This year, the Waverly Community House will continue the late summer celebratory tradition with the Waverly  Township Community Fair. The gathering will be held this Friday, July 21st from 630-830 pm at the Waverly Community House. This year’s activities will include: a picnic dinner, bouncy house, carnival games, live music, and much more. All proceeds raised will also aid the Comm in creation of its latest community program– the Comm Children’s Interactive Center, which is currently in development and will make its debut in the near future. Stay tuned for updates in the upcoming year regarding this new venture!Community Fair 2017

As the Waverly Community House continues to thrive through another exciting, fun filled, summer season, we remain one year closer to approaching our centennial anniversary in 2019. The Comm is currently in the process of creating new programs, activities, and events dedicated to enriching the community for the next one hundred years. For now, some upcoming events to watch out for include: Cocktails for the Courts, Destination Freedom field trips, and Cars and Coffee. For more information on programs and events check our website for updates!

Underground Railroad Field Trips at the Waverly Community House

This past Friday, the Waverly Community House welcomed two groups of students from both the Newton Ransom Elementary School and South Abington Elementary School. Arriving on the Comm’s back lawn, students were eager to learn about the locations and individuals featured on the map, and their significance in our region’s local history. During the trip, the children learned about Leonard Batchelor, an abolitionist so dedicated to aiding the runaways that he hid them on his property and provided transportation to their next stops. They also heard about Dr. Andrew unnamed (1)Bedford, Rodman Sisson, Reverend Kennedy, Samuel Whaling, and John Raymond- all local residents who once lived along North Abington Road and had varying levels of involvement in the Underground Railroad Movement. Next, the classes were escorted to Carbondale Road, where they learned about the runaways and were able to view the first African Methodist Episcopal Church (currently a private residence), along with some of the homes of former slaves. Also included in the tour was information about the local churches and their contribution to the movement as well as the cemeteries where former slaves and abolitionists are buried.

Both groups of students learned valuable information and were able to learn how our local region played a pivotal role in a movement so crucial to the history of the United States. Children were also able to utilize the walking trail map in order to see the real life locations still currently standing and to visualize what transpired there in the 1800’s. The Waverly Community House will continue to develop this initiative and is currently accepting reservations for fall trips. To make a reservation, or to learn more about the map and future volunteer opportunities, please contact Gia Reviello at (570) 586-8191 ex.7, or Comm Executive Director Maria Wilson at (570) 586-8191 ex. 1.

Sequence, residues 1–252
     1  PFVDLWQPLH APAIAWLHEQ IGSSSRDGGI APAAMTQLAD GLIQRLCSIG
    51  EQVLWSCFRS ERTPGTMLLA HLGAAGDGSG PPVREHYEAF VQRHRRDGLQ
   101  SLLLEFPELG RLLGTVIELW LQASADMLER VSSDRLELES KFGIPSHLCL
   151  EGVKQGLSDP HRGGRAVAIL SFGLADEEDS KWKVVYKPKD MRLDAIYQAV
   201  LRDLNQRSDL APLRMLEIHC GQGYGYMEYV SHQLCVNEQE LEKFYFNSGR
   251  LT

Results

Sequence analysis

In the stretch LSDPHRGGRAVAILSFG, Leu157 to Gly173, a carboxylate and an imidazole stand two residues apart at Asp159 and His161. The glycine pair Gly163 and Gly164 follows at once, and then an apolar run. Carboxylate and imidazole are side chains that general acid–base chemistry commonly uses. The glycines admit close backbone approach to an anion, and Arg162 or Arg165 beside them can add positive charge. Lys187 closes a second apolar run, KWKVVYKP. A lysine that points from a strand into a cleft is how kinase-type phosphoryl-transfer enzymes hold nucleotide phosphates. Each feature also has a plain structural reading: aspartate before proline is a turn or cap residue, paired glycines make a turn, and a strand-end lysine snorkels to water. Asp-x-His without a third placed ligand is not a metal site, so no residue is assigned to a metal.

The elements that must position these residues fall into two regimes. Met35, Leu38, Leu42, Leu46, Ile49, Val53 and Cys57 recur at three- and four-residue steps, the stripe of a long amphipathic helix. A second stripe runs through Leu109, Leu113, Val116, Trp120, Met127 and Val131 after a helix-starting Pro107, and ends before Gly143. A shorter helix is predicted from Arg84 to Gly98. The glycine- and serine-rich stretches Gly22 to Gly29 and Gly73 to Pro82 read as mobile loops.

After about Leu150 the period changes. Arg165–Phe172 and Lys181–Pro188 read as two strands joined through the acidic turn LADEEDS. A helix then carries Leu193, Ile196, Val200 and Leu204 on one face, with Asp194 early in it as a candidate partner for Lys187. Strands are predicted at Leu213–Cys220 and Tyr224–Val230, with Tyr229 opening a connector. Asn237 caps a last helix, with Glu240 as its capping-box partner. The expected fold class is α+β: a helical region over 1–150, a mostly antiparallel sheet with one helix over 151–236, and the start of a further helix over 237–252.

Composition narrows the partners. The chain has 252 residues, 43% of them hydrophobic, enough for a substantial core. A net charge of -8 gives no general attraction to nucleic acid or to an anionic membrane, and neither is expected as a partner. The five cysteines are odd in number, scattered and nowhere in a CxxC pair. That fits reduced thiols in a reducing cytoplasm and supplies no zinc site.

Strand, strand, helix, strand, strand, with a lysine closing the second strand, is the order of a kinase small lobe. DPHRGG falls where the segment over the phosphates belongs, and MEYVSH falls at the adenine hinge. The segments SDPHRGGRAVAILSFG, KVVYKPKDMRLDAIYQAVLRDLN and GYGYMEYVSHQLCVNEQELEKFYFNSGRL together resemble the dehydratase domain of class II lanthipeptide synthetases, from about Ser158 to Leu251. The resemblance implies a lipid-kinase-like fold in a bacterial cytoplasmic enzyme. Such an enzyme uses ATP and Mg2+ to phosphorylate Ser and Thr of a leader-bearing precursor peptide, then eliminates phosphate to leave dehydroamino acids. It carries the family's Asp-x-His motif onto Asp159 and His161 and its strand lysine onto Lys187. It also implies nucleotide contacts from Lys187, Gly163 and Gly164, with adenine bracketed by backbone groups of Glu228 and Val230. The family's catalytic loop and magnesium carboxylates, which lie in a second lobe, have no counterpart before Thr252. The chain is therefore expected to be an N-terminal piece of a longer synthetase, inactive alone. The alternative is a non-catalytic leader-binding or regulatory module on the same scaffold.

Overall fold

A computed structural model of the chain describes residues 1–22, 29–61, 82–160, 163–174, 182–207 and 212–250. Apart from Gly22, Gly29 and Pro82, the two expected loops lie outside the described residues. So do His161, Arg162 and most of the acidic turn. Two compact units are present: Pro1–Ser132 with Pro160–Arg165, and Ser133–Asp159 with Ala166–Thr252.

Destination Freedom Update

UGRR

After months of development and anticipation, the Waverly Community House is pleased to announce that our Destination Freedom Walking Trail Map and accompanying companion reader has been completed. Both pieces will be making their inaugural appearance this Friday as we will be hosting two field trip groups from Newton Ransom Elementary School and South Abington Elementary School. The following week, the Comm will be having three more groups visiting from Waverly Elementary School. This is a project that the Waverly Community House will continue to develop over time as the potential and community interest remain limitless. Additional information on private and public tours will be made available in the near future after the initial walking tours.

Volunteers are welcome to participate and learn how to assist on both current and future field trips and group tours. Please contact Gia Reviello, Comm Classroom and Archive Coordinator for further details. Stay tuned for more updates on this exciting project on this blog and our Facebook page!

Celebrating the Season: Spring Festivities at the Waverly Community House

Every year, the Waverly Community House prepares for the springtime in various ways; after the long winter months, community members look forward to the nice weather and the Comm readily creates fresh new events to mark the occasion. Today’s blog post will take a look at some of the Waverly Community House’s past spring events. Enjoy!

The Annual March Dance: Each year, beginning in the 1920’s, the Waverly Athletic Association would sponsor the March Dance; at this event, a 50 cent ticket would admit one person for an evening of dancing, refreshments, and socializing. Young children and adults were especially encouraged to attend these dances by Community House staff because they viewed dancing as a crucial developmental sport that had the potential to improve upon “speed, agility, accuracy, lightness of foot, readiness of hand, and the ability to be quick in thought and action.” Comm employees Gertrude Coursen, Helen Fish, and Ruth Harrison often attended these events and supervised the children; this community dance was a fun event that many looked forward to all year.